Opinion / Op-Ed Contributors

Potential impact of migrants on Europe

By Holger Schmieding (China Daily) Updated: 2015-09-17 07:45

This could lead to a small increase in consumption growth in the coming years and to even marginally firmer real estate markets in the metropolitan areas that the migrants are mostly striving for. This, in turn, will possibly accentuate the divide a little between metropolitan and less favored rural areas in real estate markets over time.

The vast majority of migrants seem eager to work despite occasional evidence that some originating from within, rather than outside Europe, may also be drawn by welfare benefits.

If recipient countries integrate the migrants reasonably well, migration could be a boost to aggregate supply: firmer growth trend for a while.

The faster the EU member countries can process the claims of migrants and the earlier they are allowed to work, the better. Even fiscal hawks should consider that to be money well spent.

To realize this supply potential, recipient countries need to keep their labor markets flexible and upgrade their education system, with a focus on basic education such as language skills.

If Germany gets this right, it may just be solving part of its demographic problem for the next decade. Migrants who take huge risks to get where they want to often tend to be more entrepreneurial. That may also help keep an aging economy vibrant. However, if Germany and countries with significant immigration get their policy response wrong, they may end up creating problematic areas with disaffected second-generation immigrants some 20 to 30 years from now.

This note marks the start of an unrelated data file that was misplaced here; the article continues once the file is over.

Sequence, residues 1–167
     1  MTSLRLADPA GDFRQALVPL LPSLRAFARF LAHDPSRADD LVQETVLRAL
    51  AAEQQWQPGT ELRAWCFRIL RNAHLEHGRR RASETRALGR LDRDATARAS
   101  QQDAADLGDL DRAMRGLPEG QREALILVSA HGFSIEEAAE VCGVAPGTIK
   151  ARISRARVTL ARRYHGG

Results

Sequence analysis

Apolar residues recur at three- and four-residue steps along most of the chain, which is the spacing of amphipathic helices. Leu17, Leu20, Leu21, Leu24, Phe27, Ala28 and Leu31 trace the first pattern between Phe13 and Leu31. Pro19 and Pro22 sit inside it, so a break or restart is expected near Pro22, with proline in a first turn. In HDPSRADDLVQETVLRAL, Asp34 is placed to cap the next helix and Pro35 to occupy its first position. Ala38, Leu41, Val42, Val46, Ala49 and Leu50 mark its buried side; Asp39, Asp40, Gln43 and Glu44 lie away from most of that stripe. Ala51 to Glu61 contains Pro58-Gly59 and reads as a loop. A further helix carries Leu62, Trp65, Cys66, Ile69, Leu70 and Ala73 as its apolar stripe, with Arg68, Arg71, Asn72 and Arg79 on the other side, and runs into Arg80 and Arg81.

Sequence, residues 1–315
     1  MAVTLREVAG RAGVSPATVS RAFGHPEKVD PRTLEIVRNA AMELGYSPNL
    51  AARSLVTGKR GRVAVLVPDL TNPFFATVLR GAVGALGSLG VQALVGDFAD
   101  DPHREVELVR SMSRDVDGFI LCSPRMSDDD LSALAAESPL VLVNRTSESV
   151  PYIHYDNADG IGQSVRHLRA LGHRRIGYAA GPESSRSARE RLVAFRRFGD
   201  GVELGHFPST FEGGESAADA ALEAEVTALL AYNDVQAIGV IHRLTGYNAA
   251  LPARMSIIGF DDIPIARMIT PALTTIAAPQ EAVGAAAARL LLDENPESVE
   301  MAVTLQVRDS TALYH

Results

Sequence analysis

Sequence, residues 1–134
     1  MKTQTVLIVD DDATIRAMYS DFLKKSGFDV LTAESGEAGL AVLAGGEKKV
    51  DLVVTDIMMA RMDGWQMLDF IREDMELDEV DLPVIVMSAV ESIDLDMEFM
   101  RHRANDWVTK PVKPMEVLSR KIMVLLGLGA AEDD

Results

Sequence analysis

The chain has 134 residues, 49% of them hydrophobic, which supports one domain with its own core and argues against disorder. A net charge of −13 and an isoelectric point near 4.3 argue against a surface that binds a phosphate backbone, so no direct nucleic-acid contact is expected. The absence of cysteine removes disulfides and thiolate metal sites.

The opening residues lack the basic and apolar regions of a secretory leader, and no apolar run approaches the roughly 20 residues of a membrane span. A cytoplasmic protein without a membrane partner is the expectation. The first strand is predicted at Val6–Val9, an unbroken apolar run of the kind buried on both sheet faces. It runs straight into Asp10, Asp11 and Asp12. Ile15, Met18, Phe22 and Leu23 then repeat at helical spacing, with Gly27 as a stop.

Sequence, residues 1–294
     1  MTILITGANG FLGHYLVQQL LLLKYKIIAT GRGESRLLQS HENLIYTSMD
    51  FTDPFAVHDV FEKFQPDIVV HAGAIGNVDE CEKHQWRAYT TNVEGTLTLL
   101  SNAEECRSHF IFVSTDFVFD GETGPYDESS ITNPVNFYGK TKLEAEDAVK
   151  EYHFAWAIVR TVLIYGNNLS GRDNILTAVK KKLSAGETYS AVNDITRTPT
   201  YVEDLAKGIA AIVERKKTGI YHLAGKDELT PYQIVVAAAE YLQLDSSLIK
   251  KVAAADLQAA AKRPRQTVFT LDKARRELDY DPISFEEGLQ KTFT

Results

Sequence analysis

The domestic policy response, notably labor market and education policies, matters more than any decision on an initial distribution of migrants. The worst policy would be to tighten employment laws in countries that are currently a draw for immigrants due to their recent labor market dynamics.

If Britain and Germany make it more difficult to create jobs, they could store up social trouble for the future. For example, raising minimum wages, tightening rules for temporary work contracts and erecting other barriers to entry into the labor market would not seem to be the right policies amid a rise in immigration.

The author is chief economist at Berenberg Bank in London.

The Globalist

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